Funding cuts could hurt public opinion research

By Tyler Davis, @TDavis_DE

Gov. Bruce Rauner’s proposed budget has resulted in low approval in public polls, according to a March survey done by the Paul Simon Public Policy Institute. If the nearly 32 percent budget decrease for higher education passes, the number of public polls could decrease as well.

The institute, which conducts research on public opinion polls, was one of roughly 25 non-academic departments that received a memo last week asking it to send the administration ramifications of a hypothetical 50 percent cut in state funding. 

Judy Marshall, SIU’s executive director for finance, sent a memo to prepare for a meeting by the Executive Planning and Budget Committee on Monday. The committee, which advises President Randy Dunn, who took over chancellor duties after interim Chancellor Paul Sarvela died in November, will discuss the specifics of the proposals.

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David Yepsen, director of the institute, said the organization provides internships and original research information that can be used by graduate students conducting research, and funds public speakers. He said it also serves civic education and helps students who want a career in public service.

“We’re not an academic unit, but we do academic things,” he said. “And we certainly support the academic mission. We try to bring good, diverse, interesting speakers to campus for students.”

About a third of the institute’s budget is provided by state appropriations, meaning 50 percent of those funds—$280,571—would be cut. Yepsen said the institute also gets proceeds from the university’s endowment.

Losing a significant chunk of the money that helps bring lecturers to campus would completely change the organization’s operation, he said.

“You can’t cut any living thing by a half or a third without either killing it or forcing it to morph into something else,” he said.  

Staff layoffs, lost internships and a reduced number of speakers are all possible means to alleviate the diminished funding. Even polling, which is a regular practice of the institute, could be cut. 

The students’ loss is twofold, Yepsen said. The obvious losses are the internships and hours spent on research, but other lost intangibles include the experience of seeing a politician or popular speaker on campus, which especially affects minority students.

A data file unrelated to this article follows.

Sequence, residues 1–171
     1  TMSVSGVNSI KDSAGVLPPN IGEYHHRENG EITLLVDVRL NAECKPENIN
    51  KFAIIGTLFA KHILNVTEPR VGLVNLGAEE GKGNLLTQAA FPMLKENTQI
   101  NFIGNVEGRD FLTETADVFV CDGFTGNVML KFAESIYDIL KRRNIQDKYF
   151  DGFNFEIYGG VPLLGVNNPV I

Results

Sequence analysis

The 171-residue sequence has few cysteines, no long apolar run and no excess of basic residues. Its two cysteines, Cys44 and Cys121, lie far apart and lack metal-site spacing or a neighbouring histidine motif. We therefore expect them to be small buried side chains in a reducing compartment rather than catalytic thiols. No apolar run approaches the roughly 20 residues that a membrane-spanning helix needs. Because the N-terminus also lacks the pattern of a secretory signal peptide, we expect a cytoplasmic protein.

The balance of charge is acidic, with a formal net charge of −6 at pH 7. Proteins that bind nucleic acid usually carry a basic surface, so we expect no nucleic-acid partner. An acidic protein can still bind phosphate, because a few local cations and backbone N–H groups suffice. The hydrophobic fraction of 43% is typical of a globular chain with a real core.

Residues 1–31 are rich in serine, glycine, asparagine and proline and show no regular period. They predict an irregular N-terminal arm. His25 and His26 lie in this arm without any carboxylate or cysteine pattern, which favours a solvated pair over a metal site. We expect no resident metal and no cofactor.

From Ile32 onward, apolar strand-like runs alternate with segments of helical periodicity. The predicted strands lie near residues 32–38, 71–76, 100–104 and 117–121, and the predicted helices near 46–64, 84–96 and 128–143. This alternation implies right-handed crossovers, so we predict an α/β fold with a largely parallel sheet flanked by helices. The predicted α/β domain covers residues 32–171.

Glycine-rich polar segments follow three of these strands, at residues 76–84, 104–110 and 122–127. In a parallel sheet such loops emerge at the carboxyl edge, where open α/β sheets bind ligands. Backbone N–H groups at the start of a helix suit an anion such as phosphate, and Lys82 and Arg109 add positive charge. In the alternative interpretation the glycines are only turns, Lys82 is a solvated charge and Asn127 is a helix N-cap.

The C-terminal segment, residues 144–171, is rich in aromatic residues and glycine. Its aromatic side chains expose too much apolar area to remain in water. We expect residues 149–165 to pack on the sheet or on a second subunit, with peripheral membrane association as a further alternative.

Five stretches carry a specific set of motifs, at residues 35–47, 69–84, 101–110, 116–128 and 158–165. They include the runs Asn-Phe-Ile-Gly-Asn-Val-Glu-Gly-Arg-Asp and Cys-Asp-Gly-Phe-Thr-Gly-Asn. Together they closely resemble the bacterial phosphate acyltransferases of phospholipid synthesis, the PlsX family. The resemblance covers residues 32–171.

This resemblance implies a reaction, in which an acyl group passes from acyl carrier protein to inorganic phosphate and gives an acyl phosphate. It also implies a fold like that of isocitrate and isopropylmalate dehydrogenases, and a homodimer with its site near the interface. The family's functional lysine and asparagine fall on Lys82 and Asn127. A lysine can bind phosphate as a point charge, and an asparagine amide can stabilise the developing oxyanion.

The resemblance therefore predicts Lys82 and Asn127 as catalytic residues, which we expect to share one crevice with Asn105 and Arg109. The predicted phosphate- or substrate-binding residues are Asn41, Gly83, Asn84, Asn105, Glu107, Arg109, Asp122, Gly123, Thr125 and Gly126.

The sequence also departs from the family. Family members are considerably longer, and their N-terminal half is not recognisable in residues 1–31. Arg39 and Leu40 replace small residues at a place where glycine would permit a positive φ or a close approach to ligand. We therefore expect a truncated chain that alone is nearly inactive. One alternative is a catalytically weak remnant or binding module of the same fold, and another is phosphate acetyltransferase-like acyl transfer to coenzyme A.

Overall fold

“I’m a big believer that students can’t be what they can’t see,” he said. “By bringing a diverse group of people to campus to speak—like a legislator who is African-American, or one who is Latino—we give students an opportunity to see people who they could emulate.”

Yepsen, former chief political writer of the Des Moines Register, said the losses would not only hurt the institute but the university as a whole.

The organization helped fund the appearance of author and futurist Michio Kaku, who will be on campus on April 22 as a part of the university’s distinguished speaker series. Instead of the institute helping foot the bill of expensive speakers, the university may have to ask academic units to help bring important people to campus.

Yepsen does not foresee a 50 percent cut in state funding and said it is just an exercise to illustrate the pressure Rauner’s proposed budget has put on universities. 

“Lets just say it is only 25 percent—that’s still going to have a huge impact on non-academic units,” he said.

But what constitutes academic and non-academic is a question in Yepsen’s mind. He said the classic academic tools—classes, teachers and curriculum—may attract some students, but the out-of-classroom opportunities entice many students as well.

He said just talking about these issues can affect student enrollment in the future and the day-to-day operations of all people associated with the university.

“If you were not talking to me about this, you would be doing some other story and I would be doing something for my work,” he said. “People don’t think about it in those terms, but there is a cost to being distracted by this and I think everybody on campus will recognize what I’m saying is true.”

University spokeswoman Rae Goldsmith said more information could be available after Monday’s committee meeting.

Tyler Davis can be reached at [email protected]

Sam Beard contributed to this report. 

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